5 common mistakes made by IGCSE Math students

By Owen Cheong

(Math, Physics, Chemistry tutor at The Edge Learning Center)

IGCSE Math examination is coming soon! I guess many candidates are planning to do lots of past papers before the exam. However, it is also very important for you to avoid careless mistakes when doing papers. Here are the 5 common mistakes made by students based on my experience and the examiners’ report. It might be helpful for you to read this article before you start doing a paper.

  1. Expanding (a+b)²

One of the most common algebra mistakes is to conclude that (a+b)² is equal to a²+b². Unfortunately, it is not that straightforward. It is important to remind yourself that both (a+b)² and (a-b)² require to do FOIL. Another way is to remember these 3 identities for your exam:

(a+b)² = a² + 2ab + b²

(a-b)² = a² – 2ab + b²

(a+b)(a-b) = a² – b²

  1. Calculating the mean of grouped data

When given a grouped data, students are frequently asked to calculate the mean of that data set. Here is an example:

The table below gives some information about the incomes, HK$I, of 100 people in Hong Kong. 

Some students make mistakes by using lower bound or upper bound to calculate the mean. In order to calculate the mean of a grouped data, the first step is to determine the midpoint of each class:

Then, multiply these midpoints by the frequency of the corresponding classes. This result divided by the total frequencies will be the value of the mean.

  1. Estimating interquartile range from a cumulative frequency curve

Some students misuse the critical values for lower quartile and upper quartile to calculate the interquartile range when given the cumulative frequency curve. For example, here shows a cumulative frequency diagram about the scores of 500 people in a Math quiz.

Here is the working from a student:

Unfortunately, the student forgot to drop the critical values to the x-axis. Here is the correct way to show your working:

Therefore, the interquartile range should equal to 4024 = 16

  1. Working out the upper bound or lower bound of a value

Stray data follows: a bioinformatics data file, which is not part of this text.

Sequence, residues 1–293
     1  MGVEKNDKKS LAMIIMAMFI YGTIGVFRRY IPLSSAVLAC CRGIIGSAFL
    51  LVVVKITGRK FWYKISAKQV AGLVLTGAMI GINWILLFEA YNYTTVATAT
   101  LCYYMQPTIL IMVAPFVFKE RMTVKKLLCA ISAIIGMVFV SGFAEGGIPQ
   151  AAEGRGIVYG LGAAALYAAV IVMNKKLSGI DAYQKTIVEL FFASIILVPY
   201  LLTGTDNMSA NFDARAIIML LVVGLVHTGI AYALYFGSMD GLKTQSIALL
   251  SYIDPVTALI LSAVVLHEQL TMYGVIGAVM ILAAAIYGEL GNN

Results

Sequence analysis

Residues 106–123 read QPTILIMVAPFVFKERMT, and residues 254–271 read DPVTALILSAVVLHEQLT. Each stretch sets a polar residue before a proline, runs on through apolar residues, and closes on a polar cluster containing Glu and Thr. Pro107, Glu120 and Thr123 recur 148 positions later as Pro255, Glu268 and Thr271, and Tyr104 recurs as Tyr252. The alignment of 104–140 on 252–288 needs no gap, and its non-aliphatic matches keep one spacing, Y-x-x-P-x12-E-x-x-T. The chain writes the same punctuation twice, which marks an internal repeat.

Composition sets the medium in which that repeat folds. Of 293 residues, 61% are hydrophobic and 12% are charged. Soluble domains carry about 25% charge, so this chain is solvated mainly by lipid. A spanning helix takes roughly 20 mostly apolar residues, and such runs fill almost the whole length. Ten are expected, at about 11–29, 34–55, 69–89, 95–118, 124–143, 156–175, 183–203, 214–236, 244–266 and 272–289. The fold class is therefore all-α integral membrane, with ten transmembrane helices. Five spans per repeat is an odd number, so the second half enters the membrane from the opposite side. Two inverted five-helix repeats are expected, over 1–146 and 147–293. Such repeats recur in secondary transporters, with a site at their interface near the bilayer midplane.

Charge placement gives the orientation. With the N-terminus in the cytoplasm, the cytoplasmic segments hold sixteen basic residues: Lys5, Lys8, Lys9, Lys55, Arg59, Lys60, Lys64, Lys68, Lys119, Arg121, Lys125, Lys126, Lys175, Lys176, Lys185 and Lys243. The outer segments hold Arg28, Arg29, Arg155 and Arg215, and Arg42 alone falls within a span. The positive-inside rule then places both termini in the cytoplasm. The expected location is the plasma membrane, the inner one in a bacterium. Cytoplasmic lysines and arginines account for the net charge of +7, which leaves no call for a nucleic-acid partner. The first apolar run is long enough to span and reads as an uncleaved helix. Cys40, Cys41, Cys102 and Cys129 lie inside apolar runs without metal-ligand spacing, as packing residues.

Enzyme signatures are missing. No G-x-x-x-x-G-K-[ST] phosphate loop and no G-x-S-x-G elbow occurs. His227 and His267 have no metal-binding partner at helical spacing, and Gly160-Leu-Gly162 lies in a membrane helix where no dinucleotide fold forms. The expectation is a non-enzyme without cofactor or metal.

You need to be extremely careful when you are asked to find an upper bound or lower bound of a value given a formula. Here is an example:

a = 13.5,correct to 1 decimal place

b = 8.7,correct to 1 decimal place

Work out the lower bound for the value of a – b

At first glance, we should work out lower bound for a and b separately: 

Then, many students would think that the lower bound for a – b is equal to 13.45 – 8.65 = 4.8, which is not a correct answer.

Another common approach is to first calculate a – b, which is equal to 4.8, and then take the lower bound of this value, which is 4.75. Again this is not the correct approach.

In order to tackle this type of problem, we should first list out the upper bound AND lower bound of each variable at the same time:

Then, we should analyze which combination makes the final value becomes maximum or minimum. In this example, we need to find the lower bound of a – b, so in order to minimize a – b, we should minimize a and maximize b. In other words, we should take the lower bound of a and upper bound of b. Therefore, the lower bound of a – b is equal to 13.45 – 8.75 = 4.7

  1. Solving linear inequality

When we perform addition, subtraction, multiplication and division with an inequality, we can say that they are nearly identical to perform all these operations to an equation. HOWEVER, THERE IS ONE IMPORTANT EXCEPTION: Whenever you multiply or divide by a negative number in an inequality, you must flip the inequality sign!

In order to test your understanding of the exception rule, let’s do a proofreading exercise:

The working for the original equation is correctly illustrated in the first column. Can you spot the first mistake that has been made on the second and third column?

In the second column, the first mistake appears in step 2 (3rd line) since if we subtract by 3 on both sides, the inequality sign should keep the same. Remember that the exception rule only applies to multiplication and division.

In the third column, the first mistake appears in step 1 (2nd line) since if we multiply by -6 on both sides, the inequality sign must be flipped.

Here is the correct way to solve this inequality:

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